But in all my conversations with men about heroes, I have never heard someone mention one name – Jesus. In fact, to speak about Him as heroic seems a bit disjointed, even out of place. But I have come to believe it is true. Let me explain why.

The accounts of Jesus in the gospels show Him to be a man that left His mark on everyone. No one who encountered Him remained the same.

Some were drawn to His piercing wisdom and compassion. They loved Him and followed Him.

Others were threatened by His commanding presence and criticism of the establishment. They hated Him and sought to kill Him.

But the ones who were marked the most were the twelve men He gathered around Him. They saw firsthand His power over the demonic, over nature, and over death itself. They also experienced His personal coaching, guiding them to understand the ways of the Kingdom and their part in it.

Heroes always leave their mark on men. Jesus certainly did that.

He came here to inaugurate God’s Kingdom in a new way. He did that by His life, His miracles, and His teaching. But that was only the start of the quest. Where He was headed was the place everyone else dreaded. He was headed to the cross.

Today the cross has become a fixed religious symbol and an item of jewelry to wear. So it is nearly impossible for us to feel the horror that the cross evoked for the first-century inhabitants.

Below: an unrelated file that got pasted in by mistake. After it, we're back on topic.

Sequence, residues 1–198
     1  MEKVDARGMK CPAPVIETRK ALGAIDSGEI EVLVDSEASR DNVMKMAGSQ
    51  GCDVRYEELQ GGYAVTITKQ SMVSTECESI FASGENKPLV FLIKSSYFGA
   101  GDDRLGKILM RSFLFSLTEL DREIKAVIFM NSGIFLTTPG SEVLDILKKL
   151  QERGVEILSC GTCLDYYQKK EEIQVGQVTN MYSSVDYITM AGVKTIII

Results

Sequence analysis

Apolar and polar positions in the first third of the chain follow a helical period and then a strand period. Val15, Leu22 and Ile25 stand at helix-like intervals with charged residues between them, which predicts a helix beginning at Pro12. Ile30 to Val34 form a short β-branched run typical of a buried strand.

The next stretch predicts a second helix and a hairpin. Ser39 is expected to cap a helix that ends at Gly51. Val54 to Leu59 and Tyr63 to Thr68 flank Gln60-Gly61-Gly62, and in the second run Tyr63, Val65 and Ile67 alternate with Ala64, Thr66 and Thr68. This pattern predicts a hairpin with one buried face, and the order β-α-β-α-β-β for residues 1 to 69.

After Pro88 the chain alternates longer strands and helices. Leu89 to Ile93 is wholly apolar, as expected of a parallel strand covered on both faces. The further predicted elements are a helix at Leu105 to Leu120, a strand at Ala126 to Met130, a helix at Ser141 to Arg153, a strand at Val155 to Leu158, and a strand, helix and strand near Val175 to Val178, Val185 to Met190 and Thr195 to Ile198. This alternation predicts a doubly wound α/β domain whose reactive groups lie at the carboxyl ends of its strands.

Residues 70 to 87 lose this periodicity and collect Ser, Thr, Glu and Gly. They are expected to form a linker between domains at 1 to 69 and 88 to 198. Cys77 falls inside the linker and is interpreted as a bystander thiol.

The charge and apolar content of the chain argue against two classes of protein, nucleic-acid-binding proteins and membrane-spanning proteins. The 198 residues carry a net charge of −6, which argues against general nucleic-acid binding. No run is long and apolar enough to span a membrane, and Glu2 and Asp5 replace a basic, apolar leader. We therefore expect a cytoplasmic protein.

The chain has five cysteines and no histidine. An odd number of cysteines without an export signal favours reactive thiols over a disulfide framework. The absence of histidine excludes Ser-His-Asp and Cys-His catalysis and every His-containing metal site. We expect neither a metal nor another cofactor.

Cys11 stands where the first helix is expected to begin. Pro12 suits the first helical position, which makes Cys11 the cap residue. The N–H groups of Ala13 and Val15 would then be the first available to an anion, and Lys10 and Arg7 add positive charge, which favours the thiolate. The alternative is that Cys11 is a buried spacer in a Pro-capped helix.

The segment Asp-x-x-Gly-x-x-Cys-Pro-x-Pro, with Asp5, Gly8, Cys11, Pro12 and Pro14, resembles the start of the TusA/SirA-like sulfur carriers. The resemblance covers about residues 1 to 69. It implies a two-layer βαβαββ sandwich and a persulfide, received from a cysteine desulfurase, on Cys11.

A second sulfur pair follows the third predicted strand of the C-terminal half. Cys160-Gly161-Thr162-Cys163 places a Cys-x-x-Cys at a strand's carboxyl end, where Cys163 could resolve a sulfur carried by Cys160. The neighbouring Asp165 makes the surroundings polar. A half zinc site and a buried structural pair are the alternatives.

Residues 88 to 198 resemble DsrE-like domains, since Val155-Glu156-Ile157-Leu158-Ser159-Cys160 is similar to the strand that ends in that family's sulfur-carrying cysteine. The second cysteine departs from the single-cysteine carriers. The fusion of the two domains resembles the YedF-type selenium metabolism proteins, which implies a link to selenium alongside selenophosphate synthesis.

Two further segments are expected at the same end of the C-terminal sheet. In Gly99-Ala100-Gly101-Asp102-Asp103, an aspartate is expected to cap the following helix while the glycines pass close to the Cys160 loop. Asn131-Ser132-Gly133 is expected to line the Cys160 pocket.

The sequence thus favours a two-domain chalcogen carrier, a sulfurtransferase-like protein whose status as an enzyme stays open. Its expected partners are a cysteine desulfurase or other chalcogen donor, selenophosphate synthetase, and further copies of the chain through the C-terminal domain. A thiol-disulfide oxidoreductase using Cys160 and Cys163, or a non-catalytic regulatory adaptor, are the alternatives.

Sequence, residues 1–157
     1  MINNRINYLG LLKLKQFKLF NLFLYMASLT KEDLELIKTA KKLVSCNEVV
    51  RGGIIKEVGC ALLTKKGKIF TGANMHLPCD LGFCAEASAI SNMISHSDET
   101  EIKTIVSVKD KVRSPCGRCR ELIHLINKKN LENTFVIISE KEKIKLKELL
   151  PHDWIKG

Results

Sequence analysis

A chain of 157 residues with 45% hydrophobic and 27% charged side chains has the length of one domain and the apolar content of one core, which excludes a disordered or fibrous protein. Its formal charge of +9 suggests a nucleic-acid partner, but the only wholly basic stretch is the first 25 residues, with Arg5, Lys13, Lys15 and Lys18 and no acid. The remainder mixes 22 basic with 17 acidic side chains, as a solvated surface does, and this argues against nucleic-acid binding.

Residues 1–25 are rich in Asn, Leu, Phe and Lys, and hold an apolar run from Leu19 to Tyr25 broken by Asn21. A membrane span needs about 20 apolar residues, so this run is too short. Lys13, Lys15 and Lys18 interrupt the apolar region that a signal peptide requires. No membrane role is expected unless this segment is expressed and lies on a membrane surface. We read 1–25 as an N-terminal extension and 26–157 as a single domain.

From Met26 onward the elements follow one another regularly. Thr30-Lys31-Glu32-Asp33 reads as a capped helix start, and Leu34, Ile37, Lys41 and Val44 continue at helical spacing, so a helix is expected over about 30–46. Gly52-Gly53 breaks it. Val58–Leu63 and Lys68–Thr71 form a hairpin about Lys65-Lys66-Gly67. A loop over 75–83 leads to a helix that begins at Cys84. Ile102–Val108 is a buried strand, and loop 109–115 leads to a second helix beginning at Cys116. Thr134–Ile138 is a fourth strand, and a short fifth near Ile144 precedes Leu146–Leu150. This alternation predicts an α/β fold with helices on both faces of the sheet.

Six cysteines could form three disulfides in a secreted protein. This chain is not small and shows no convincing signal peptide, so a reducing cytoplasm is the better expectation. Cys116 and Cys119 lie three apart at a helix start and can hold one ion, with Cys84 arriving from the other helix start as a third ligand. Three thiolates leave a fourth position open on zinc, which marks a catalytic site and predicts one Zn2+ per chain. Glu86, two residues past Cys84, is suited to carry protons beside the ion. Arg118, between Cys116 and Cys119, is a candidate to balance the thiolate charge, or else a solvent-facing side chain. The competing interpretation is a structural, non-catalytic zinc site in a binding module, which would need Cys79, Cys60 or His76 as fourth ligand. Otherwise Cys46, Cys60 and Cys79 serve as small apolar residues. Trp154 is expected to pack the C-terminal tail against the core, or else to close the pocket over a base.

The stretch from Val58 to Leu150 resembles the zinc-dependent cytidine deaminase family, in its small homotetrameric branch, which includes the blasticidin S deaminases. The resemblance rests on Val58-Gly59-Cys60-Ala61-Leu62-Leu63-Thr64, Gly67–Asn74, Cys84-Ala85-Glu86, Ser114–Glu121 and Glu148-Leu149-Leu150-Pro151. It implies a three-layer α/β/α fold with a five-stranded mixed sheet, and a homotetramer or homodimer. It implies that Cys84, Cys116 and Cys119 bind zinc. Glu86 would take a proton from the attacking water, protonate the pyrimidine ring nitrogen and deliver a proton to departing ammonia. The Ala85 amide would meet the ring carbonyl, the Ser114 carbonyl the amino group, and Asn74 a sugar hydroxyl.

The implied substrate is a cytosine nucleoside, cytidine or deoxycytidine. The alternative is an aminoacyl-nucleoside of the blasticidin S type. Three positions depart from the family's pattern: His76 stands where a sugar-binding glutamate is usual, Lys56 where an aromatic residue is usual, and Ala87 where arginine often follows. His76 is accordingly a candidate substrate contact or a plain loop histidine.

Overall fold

There is probably no more cruel way ever invented to torture and kill a man than crucifixion. The word itself was rarely spoken in public because of the dreaded associations it carried. The Romans only used it to punish the worst of criminals and insurrectionists.

So when Jesus began to tell His disciples that He was going to the cross, it evoked confusion and turmoil. How could this be? But this was the plan all along. His quest was never to throw out the Romans and become the new king of Israel.

His quest was something never before attempted.

He was going to take all the madness and chaos in the world, all the petty sins and unconquerable vices, all the destructive wars and family feuds, all the abuse and violence and prejudice and jealousy and envy and pride that has splintered human history down through the ages.

He was going to take it all and place it on His shoulders, enduring its just punishment and the wrath of His Father. He was then going to defeat it all by the power of forgiveness.

And He proved that to be true by conquering death itself.

It was a quest never before attempted, never even conceived. Yet He did it. He did it all.